In 1936, then 32 years old, Skinner married Yvonne Blue and the couple moved to Minnesota where Skinner had his first teaching job. Busy with teaching and his new family –– their daughter, Julie, was born in 1938 –– he did little to advance the science he had started. But that was to change with the war. In 1944 World War II was in full swing. Airplanes and bombs were common, but there were no missile guidance systems. Anxious to help, Skinner sought funding for a top secret project to train pigeons to guide bombs. Working intently, he trained pigeons to keep pecking a target that would guide a missile onto an enemy ship. The pigeons pecked reliably, even when falling rapidly and working with warlike noise all around them. While Project Pigeon was discontinued (because of another top secret project unknown to Skinner – radar), the work was useful. Pigeons behave more rapidly than rats, allowing more rapid discoveries of the effect of new contingencies. As Skinner put it, “the research that I described in The Behavior of Organisms appeared in a new light. It was no longer merely an experimental analysis. It had given rise to a technology.” Skinner never again worked with rats. Skinner described Project Pigeon in an article with the same name. The article is in Cumulative Record.
The Baby Tender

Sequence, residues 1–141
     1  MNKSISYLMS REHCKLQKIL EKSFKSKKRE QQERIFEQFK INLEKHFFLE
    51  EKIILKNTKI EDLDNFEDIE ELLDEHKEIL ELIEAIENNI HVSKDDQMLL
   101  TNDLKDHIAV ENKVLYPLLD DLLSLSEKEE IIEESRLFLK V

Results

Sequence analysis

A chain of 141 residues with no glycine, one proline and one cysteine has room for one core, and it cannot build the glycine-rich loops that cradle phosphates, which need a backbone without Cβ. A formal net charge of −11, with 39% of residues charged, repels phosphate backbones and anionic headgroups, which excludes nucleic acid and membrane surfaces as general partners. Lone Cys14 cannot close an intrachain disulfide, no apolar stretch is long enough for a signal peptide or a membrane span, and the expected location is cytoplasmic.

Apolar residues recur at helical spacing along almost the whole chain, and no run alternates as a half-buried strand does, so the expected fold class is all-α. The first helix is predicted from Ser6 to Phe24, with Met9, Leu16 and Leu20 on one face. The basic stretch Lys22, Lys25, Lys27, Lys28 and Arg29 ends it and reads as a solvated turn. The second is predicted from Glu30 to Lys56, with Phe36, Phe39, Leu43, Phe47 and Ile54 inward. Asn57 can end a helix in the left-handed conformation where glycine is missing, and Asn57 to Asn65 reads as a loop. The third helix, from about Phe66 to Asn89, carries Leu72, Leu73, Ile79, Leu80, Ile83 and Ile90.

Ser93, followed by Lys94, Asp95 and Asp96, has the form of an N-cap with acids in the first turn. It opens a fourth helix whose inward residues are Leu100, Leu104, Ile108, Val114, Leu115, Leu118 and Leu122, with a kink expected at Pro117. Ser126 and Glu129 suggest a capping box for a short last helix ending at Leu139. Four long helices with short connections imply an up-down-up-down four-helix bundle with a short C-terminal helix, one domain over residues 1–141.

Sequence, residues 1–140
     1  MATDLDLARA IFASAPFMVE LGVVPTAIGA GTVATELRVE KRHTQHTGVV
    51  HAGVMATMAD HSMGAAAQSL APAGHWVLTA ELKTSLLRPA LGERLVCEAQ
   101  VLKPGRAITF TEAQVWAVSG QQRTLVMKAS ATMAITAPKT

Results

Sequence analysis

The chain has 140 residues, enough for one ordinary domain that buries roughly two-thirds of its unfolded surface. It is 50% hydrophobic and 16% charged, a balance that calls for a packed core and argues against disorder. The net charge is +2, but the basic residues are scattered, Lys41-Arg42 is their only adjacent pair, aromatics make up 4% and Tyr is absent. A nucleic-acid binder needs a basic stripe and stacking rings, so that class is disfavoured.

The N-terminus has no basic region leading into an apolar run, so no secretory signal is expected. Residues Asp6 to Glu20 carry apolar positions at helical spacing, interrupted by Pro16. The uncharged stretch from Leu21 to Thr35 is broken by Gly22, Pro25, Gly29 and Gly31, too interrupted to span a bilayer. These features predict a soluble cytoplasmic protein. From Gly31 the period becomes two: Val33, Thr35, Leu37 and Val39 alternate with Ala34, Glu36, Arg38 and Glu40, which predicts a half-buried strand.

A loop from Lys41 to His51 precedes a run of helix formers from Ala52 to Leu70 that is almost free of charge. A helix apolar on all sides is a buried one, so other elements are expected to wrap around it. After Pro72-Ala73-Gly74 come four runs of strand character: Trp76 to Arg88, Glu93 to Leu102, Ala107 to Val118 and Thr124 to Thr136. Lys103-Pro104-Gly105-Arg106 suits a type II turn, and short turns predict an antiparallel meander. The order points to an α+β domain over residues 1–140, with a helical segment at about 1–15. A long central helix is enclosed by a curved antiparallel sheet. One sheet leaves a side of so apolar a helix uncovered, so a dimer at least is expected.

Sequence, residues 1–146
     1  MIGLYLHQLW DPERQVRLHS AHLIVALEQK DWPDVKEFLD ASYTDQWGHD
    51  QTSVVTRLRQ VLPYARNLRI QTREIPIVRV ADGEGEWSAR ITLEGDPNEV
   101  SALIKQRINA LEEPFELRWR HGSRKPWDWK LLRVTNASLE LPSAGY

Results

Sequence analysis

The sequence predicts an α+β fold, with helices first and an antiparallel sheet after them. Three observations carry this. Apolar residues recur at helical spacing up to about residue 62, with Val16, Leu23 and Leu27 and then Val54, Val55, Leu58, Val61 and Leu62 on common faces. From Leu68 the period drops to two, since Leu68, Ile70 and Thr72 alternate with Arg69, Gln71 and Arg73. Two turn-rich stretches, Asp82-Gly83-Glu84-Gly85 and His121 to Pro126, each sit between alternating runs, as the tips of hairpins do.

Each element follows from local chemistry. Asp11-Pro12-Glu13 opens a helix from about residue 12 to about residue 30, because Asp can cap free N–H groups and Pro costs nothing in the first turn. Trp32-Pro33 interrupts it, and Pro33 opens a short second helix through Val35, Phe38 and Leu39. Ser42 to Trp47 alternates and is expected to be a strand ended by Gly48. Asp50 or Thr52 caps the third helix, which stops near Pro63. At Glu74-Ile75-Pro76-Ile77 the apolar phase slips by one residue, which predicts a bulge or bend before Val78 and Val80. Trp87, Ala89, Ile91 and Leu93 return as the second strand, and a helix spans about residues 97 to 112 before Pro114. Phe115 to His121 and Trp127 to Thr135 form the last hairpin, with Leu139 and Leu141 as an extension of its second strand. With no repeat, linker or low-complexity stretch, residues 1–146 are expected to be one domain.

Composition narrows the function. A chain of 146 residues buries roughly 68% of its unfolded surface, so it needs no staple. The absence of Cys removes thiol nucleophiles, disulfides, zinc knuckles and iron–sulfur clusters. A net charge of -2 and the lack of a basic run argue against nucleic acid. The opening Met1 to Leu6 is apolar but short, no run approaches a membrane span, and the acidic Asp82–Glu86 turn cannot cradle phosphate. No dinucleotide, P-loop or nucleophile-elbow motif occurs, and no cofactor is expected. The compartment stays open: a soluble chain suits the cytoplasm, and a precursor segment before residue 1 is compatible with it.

In 1943, towards the end of the Minnesota years, Yvonne was pregnant again. Knowing of her husband’s talent at solving problems with gadgets, she wondered whether he might design a crib that would be safer than the typical crib with its bars that could trap a leg and blankets that could suffocate a baby. He could, and did. Proud of his new invention, an enclosed and heated crib with a plexiglass window, he sent an article to the popular magazine the Lady’s Home Journal. Changing Skinner’s title to grab attention, the article came out as “Baby in a Box”. The “baby tender”, as Skinner called his crib, was used only as a bed for the new baby. Deborah had a playpen and spent as much time out of her bed as do other infants. But inevitably confusion occurred between the baby tender and the “Skinner Box.” To the end of his life Skinner was plagued by rumors about his second daughter, hearing even that she had committed suicide. In fact, Skinner was an affectionate father and never experimented on either of his children. Deborah is a successful artist and lives in London with her husband.